Fox led off the presentations Monday by the three U.S. networks bidding for the next set of Olympic television rights, a high-stakes contest that could lead to a multi-billion-dollar deal stretching through 2020.

Fox sports chairman David Hill headed a six-man delegation that went into a scheduled two-hour meeting with International Olympic Committee officials on Monday, making a pitch to secure the first games in the U.S. for Rupert Murdoch's News Corp.

"It's eight years to the day when we made our last pitch, which is also D-Day," Hill, looking relaxed in a pink open-neck shirt and dark blazer, said as he headed into the closed-door presentation at IOC headquarters.

Asked how he was approaching the meeting, Hill said, "We don't really plan these things. They just happen. We just chat."

Fox is competing against incumbent NBC and ESPN/ABC, which will make their case to the IOC on Tuesday.

The three companies will submit sealed bids on Tuesday afternoon, and the IOC could announce the winner by the end of the day or order another round of bidding. It wants a deal in place before the IOC general assembly starting July 4 in Durban, South Africa.

At stake are rights to the 2014 Winter Games in Sochi, Russia, and 2016 Olympics in Rio de Janeiro, Brazil. In a new twist, the networks can also bid on a four-games package including the 2018 and 2020 Games, whose sites have not yet been selected.

"We've got three very, very strong competitive bidders," IOC marketing director Timo Lumme told The Associated Press. "Everyone has indicated they're here to win. We look forward to an exciting and competitive process."

It's the first U.S. rights auction since 2003, when NBC secured the 2010 and 2012 Olympics in a deal worth $2.2 billion.

The IOC says it hopes to surpass that fee this time. If the IOC agrees to a four-games deal, the figure could potentially run between $4-5 billion.

"Yes, we're expecting an increase," Lumme said. "What that increase is we don't know. There's every indication to show that premium sports retains a very, very important position in the programming strategies of the networks."

NBC has broadcast every Summer Olympics since 1988 and every Winter Games since 2002, and holds the rights through next year's London Olympics. Eight years ago, NBC and parent company General Electric outbid the same two competitors, with Fox offering $1.3 billion.

The dynamics have changed sharply this time, with NBC now under the control of cable giant Comcast and with longtime sports and Olympics chief Dick Ebersol no longer at the helm.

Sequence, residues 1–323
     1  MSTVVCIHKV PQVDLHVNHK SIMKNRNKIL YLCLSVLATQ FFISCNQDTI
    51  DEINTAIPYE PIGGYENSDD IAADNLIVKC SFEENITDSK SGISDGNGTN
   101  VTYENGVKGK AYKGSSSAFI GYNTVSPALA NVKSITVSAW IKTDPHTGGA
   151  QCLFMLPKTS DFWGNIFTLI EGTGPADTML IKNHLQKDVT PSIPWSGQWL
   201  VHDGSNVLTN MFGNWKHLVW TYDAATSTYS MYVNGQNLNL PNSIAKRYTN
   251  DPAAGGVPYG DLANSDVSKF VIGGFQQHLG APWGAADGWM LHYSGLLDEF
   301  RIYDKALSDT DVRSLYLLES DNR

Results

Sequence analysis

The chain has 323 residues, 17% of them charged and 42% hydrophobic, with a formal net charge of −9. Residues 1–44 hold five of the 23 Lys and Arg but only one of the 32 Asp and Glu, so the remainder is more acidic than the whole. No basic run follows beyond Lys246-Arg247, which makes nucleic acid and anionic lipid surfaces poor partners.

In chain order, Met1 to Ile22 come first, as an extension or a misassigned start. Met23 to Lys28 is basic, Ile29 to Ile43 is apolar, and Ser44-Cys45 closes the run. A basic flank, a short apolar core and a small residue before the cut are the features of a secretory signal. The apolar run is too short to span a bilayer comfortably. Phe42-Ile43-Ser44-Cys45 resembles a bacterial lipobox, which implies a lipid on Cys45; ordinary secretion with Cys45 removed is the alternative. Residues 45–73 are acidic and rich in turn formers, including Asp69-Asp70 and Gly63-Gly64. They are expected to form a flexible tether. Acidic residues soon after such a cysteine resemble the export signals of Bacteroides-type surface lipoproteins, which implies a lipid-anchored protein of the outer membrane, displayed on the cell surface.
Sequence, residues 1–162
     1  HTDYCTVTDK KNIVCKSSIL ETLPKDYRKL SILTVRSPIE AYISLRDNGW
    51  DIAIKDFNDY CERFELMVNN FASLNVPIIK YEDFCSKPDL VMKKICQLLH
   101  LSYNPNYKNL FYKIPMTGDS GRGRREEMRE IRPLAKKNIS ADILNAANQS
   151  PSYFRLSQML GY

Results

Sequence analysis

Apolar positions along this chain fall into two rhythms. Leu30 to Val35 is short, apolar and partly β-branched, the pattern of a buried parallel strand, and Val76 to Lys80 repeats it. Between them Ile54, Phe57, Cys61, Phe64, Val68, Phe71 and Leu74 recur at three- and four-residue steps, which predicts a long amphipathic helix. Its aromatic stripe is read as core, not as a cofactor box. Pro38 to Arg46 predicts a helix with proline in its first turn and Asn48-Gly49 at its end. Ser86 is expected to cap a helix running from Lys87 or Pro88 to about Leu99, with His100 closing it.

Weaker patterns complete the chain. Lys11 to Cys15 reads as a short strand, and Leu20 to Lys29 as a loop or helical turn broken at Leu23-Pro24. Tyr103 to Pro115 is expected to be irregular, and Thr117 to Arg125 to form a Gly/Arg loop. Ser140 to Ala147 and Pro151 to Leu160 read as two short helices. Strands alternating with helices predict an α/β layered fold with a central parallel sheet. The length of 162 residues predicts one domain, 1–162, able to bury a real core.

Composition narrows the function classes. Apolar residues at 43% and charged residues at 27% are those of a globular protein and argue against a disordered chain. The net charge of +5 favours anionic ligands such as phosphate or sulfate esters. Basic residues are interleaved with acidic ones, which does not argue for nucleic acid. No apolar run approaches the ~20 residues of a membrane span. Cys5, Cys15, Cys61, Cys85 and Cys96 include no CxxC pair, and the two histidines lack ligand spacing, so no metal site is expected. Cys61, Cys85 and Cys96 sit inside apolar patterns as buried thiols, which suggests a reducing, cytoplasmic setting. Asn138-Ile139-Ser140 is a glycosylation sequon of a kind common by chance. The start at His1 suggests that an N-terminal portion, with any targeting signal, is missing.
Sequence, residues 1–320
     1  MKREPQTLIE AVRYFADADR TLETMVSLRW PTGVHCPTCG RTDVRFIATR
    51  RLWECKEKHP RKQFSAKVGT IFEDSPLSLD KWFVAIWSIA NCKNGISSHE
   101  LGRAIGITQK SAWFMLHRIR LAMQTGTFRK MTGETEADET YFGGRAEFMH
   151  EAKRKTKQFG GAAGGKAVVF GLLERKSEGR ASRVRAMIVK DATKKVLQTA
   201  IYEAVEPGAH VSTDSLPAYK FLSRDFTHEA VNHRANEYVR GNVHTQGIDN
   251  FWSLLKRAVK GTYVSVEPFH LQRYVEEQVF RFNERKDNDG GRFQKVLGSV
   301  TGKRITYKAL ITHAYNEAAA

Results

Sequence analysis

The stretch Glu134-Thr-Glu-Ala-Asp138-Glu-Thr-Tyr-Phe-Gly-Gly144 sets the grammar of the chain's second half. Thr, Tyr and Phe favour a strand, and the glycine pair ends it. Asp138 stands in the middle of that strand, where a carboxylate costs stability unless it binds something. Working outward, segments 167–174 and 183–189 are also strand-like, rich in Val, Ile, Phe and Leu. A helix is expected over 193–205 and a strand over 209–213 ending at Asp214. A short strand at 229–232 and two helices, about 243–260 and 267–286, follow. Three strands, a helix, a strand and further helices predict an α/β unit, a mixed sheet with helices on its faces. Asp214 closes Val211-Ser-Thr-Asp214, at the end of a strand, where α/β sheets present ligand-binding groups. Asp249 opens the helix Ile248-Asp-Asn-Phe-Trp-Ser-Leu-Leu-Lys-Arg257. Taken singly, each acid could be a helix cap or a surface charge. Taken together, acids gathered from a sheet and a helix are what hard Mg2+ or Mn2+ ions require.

Ebersol resigned last month following what was described as a contract dispute with Comcast.

Ebersol was a close partner of the IOC, negotiating several multi-games deals that kept the committee's coffers bulging and ensured the stability of the games in the Olympics' most important financial market.

Comcast executives have made clear they're not interested in a repeat of the 2010 Vancouver Games, when NBC lost more than $200 million in a rough economy. NBC also stands to take a similar hit from the London Olympics.

"The ownership has indicated to us it is very interested in continuing its Olympic history of NBC," Lumme said. "We think the Comcast/NBC combination will be a very strong bidder."

All three contenders have brought top-level delegations to Lausanne. NBC's team includes CEO Steve Burke and Comcast chief executive Brian Roberts, while ESPN has chief executive George Bodenheimer and Disney CEO Robert Iger.

IOC TV rights negotiator Richard Carrion told The Associated Press that the big uncertainty is whether the networks will bid for two or four games. He said each network had asked for the bid forms for both options, meaning the IOC could have to decide between one network bidding on two Olympics and another on four.

"It makes the decision a little more complex," he said. "We may have to make a judgment whether we want to go long term."

If the networks opt for a four-games package, they will do so without knowing where the last two will be held. The IOC will select the 2018 host city on July 6 in Durban. The candidates are Annecy, France; Munich; and Pyeongchang, South Korea. The host of the 2020 Olympics will be chosen in 2013, and Rome is the only official contender so far.

Both Fox and ESPN have said they would carry all Olympic events live, breaking from NBC's longtime practice of airing most of the games on tape-delay in prime time. ESPN broadcast all the matches live from last year's World Cup in South Africa.

"Live coverage, of course, is always interesting to us, but at the end of the day, you've got to look at the whole package and we've got an enormous amount of trust in our broadcast partner to decide what is exactly the right mix of coverage," Lumme said.

ESPN also brings the powerful Disney brand to the table, which raises the prospect of a possible tie-in with the games. GE threw in a $200 million global sponsorship as part of NBC's winning bid for the 2010 and 2012 Olympics.

Also present at the bidding are U.S. Olympic Committee chairman Larry Probst and CEO Scott Blackmun.

The USOC currently gets a 12.75 percent share of U.S. TV rights deals and 20 percent of global sponsorship revenues, figures many international officials consider too high. Both sides are negotiating a new revenue-sharing deal to take effect in 2020.

The USOC and IOC will renew those talks Wednesday, and say they also hope to have an agreement in place by early July.